Hew Locke: Here’s the Thing is the most comprehensive exhibition to date of work by British artist Hew Locke and involves a wide range of media: painting, drawing, photography, sculpture, and installation. Locke explores the languages of colonial and postcolonial power and the symbols through which different cultures assume and assert identity. Activating his awareness of colonial impact, Locke modifies historical source material and artifacts to focus attention on the United Kingdom, its monarchy, and his (then newly independent) childhood home of Guyana in South America.
By appropriating images of coats of arms and trophies, weaponry, naval warships, public statuary, and the costumes and regalia of state, Locke critiques governmental authority, its iconographies, and legacies. His Souvenir series of royal busts, including Souvenir 1 (Queen Victoria) (2018), is presented alongside reworkings of antique share certificates, obsolete documents referring to the exploitative nature, and turbulent history of colonial economies.
Images of ships and boats—important forms with countless possible meanings throughout the exhibition—evoke centuries of warfare, trade, and strategies of cultural imperialism, as well as personal significance for the artist:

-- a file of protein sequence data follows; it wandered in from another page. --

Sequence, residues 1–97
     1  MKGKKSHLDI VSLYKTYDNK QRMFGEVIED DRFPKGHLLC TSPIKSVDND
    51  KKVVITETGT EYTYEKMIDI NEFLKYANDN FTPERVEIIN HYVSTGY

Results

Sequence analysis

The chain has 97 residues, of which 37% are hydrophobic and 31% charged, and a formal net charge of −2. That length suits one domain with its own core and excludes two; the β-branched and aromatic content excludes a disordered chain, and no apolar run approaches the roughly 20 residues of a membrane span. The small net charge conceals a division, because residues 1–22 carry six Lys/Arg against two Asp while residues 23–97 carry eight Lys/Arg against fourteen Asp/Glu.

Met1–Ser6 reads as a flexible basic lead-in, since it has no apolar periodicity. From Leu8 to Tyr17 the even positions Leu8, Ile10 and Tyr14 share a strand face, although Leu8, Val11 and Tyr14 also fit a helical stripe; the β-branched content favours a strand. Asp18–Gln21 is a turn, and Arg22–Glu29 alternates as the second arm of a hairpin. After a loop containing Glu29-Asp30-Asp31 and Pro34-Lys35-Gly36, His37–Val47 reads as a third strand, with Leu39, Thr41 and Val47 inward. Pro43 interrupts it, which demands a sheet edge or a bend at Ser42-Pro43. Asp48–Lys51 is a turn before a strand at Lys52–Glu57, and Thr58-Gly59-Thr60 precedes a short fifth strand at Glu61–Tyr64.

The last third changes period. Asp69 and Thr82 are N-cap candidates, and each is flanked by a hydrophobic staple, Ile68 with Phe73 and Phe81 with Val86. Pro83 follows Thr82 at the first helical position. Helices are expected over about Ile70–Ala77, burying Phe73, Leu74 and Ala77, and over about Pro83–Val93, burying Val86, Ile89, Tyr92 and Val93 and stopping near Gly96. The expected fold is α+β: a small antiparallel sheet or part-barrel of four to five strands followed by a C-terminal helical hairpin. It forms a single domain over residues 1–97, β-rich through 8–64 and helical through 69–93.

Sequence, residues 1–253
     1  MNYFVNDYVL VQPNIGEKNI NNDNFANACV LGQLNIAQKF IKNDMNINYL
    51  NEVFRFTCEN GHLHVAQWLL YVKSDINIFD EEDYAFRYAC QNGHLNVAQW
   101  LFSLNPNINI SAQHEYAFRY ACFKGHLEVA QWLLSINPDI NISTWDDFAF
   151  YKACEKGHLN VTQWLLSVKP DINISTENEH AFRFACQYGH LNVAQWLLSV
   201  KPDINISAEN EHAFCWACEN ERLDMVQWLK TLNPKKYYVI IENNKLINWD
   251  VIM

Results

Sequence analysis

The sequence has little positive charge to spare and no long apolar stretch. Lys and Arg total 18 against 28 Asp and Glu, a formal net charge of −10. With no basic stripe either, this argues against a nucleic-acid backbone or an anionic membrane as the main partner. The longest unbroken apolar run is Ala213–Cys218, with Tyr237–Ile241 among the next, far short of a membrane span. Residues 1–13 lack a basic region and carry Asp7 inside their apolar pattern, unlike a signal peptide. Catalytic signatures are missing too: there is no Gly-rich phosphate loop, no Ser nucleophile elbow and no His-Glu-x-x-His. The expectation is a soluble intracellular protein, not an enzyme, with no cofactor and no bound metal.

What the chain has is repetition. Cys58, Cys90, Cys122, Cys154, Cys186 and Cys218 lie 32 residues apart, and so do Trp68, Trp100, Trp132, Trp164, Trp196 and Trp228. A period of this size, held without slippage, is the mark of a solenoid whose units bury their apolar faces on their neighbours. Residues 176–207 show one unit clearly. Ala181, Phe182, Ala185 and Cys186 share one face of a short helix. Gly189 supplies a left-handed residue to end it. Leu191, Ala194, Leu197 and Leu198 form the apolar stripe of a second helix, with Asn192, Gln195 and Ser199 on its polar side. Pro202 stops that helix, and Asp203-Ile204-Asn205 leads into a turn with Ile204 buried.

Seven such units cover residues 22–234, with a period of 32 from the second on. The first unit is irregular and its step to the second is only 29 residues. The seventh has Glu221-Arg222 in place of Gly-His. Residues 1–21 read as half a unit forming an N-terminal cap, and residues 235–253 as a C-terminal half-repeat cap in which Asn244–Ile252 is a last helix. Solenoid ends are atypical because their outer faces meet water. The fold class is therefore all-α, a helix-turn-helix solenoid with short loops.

Here’s the thing: Guyana means ‘land of many waters’—you are constantly aware of boats. I went to Guyana as a five-year-old kid on a boat. I came back here [the UK] on a boat. So many things, good and bad, travel by sea. People want simple answers about what this work is about, but it doesn’t exist. Migration, trade, refugees, warfare, exploration, tourism … [are] extremely messy and interlinked. To whoever is asking, I say, come back tomorrow and I’ll have something different to say about it.
Hew Locke: Here’s the Thing is organized by Ikon Gallery, Birmingham, UK; Kemper Museum of Contemporary Art, Kansas City, Missouri; and Colby College Museum of Art, Waterville, Maine. The exhibition is accompanied by a catalogue published by Ikon Gallery, Kemper Museum of Contemporary Art, and Colby College Museum of Art.
Barbara and Peter Gattermeir